Ascend D Quad

Huawei had a sizeable presence at CTIA this year, much like it did back at CES and Mobile World Congress earlier this year. The Chinese company looks poised to enter the high-end smartphone market, marking a shift from the mid to low-range devices it has made a name for itself with. Huawei hopes to achieve its goal with the Ascend line, a group of phones that have the guts to stand up to the likes of Samsung, Motorola, and HTC. At the top of the heap sits the Ascend D Quad (the D, Huawei says, stands for Diamond), the gem of the line.

We first saw the D Quad in Barcelona, but things have changed a bit. In the past few months, Huawei seems to have added a custom skin to its Ascend line, a departure from the nearly-vanilla Ice Cream Sandwich experience we first saw. We won’t complain though: things don’t seem to have slowed down, and the skin is certainly not painful to look at.

Other than that, the phone remains largely unchanged. It’s still got a beautiful 4.5-inch 720p display with PPI approaching 330, a Huawei-made K3V2 processor clocked at 1.2 GHz, and a “best-in-class” 8MP camera. Everything adds up to a beautiful experience: the D Quad is thin, light, and really gorgeous. It might not have the name recognition of the One or Galaxy S lines, but I assure you, this is not a device to disregard.

The D line comes with a few variations: opt for the D1 and you’ll get a processor clocked at 1.5 GHz; opt for a Quad XL, and you’ll get a 2,500 mAh battery, up from the standard 1,800 variant. The model you’re looking at here is the standard D Quad.

The release date for the D Quad is a bit fuzzy: the model in my hands is HSPA+ only, though Huawei would like to launch the LTE-equipped version sometime this summer, though no US carriers have bit just yet. We’ll keep our fingers crossed that they do, though, as we feel that Huawei is in it to win it. Hit the break for another look.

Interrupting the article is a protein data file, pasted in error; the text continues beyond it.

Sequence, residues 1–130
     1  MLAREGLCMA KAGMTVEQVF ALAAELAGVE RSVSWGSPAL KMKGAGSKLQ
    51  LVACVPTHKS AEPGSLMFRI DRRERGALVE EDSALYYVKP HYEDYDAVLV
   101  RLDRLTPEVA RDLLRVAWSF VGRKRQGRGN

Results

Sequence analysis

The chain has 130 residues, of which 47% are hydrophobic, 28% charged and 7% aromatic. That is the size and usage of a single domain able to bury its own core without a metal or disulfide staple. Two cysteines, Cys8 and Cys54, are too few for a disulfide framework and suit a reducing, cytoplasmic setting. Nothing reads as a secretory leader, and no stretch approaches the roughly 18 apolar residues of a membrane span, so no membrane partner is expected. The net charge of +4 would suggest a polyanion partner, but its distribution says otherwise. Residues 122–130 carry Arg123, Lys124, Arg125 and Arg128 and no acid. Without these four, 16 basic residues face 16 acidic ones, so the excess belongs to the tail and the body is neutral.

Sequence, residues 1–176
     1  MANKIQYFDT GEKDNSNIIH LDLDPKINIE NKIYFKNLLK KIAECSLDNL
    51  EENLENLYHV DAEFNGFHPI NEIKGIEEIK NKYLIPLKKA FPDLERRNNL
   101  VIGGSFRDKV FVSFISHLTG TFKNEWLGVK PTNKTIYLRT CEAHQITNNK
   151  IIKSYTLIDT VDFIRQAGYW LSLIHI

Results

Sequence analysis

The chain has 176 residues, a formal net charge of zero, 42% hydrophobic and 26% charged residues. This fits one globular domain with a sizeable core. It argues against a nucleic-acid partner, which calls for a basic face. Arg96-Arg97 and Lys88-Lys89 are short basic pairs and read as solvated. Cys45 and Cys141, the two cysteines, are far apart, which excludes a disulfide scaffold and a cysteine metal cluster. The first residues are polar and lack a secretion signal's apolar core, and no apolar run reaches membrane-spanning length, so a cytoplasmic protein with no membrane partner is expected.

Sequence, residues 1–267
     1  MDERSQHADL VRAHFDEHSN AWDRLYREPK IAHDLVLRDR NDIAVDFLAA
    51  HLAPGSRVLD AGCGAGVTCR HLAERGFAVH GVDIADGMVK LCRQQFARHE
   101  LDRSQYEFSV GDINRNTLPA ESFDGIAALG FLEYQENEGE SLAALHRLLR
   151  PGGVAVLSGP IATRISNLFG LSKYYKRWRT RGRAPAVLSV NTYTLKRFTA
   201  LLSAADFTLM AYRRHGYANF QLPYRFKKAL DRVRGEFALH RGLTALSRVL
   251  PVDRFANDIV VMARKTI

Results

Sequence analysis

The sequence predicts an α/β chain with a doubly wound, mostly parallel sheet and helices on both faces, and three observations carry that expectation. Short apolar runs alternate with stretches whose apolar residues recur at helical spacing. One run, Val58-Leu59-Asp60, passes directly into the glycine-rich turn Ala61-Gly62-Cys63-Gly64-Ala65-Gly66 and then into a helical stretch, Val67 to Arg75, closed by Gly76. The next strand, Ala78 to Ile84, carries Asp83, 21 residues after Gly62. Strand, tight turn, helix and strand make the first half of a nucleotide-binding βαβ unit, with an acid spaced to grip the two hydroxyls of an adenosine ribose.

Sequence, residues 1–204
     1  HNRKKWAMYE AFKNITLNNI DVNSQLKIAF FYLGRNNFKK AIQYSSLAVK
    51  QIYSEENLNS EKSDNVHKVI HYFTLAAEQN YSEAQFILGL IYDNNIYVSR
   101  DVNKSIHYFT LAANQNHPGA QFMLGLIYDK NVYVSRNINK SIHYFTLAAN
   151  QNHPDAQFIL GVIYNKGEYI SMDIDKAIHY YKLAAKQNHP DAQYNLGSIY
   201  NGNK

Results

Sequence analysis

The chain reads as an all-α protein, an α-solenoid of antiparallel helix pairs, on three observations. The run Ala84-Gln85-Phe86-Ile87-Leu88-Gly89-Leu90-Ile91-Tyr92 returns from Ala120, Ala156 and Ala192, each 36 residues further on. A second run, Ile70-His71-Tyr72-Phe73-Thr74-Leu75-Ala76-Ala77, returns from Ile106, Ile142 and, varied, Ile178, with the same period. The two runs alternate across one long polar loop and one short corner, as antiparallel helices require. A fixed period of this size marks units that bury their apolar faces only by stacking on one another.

Reader comments

Huawei Ascend D Quad hands-on


Isn't this the same company that the U.S. Government refused bids to work on the U.S. emergency communications infrastructure because it's basically a Chinese state-run company?

I'll pass...

Because the conspiracy theory is that they have embedded their electronics with hardwired "backdoors" that would allow the Chinese government to disable and monitor any communications they want.

Wouldn't they have already done that with Apple (foxconn) products then?
Ironically, Huawei is down the street from there (literally)

Foxconn is a Taiwanese company, not China. Huaiwei is a Chinese company which has close ties with the Chinese Communist government and is believed to be using its technology and services to install intelligence and spying equipments worldwide to gain secrets and disrupt communication when needed by the Chinese military. This why the U.S. government will not buy into Huaiwei. But you are just a consumer, what should you worry about? Your choice if you want to buy Chinese brand.

Australia wont let it supply equipment to upgrade our national broadband.
Considering all the fun with Chinese hackers, and the questions about how much the Chinese Government supports that stuff, I'd be stepping carefully too.

Great phone for the T-Mobile Network until they get their LTE up and running. I'm sure eventually this phone company will get LTE radios running on their phones until HSPA+ would be fantastic. I would buy this phone.

Yeah, that's primarily why I'm interested in this phone. I hear it should be pentaband. So might work well with those $30 prepaid plans of T-Mobiles.

I just want to see reviewers test out that custom quad core first.

The D quads are supposed to be 1.4ghz I'm pretty sure (surely this hasn't changed). An the D1 is dual core by the way, he forgot to put that down.

Actually they were looking at the D1 which is the one with the skin.
The d quad does not. Or maybe they're expanding selection to with /without skins for d quad.

A skin on this device kills the dream for me. :(

Huaiwei is a Chinese company that helps governments of countries like Iran, North Korea, etc. install communications technology and equipments to spy on their citizens. Buying their products is like buying a Chinese trojan horse. Good luck!

Yeah, Id like to see your source for those claims. Not saying you are wrong but those are some very inflammatory statements.

Glad to see Huawei's new phones back on the main page again, they've really put the effort into them (in-house software and hardware) I hope they get the sales they deserve.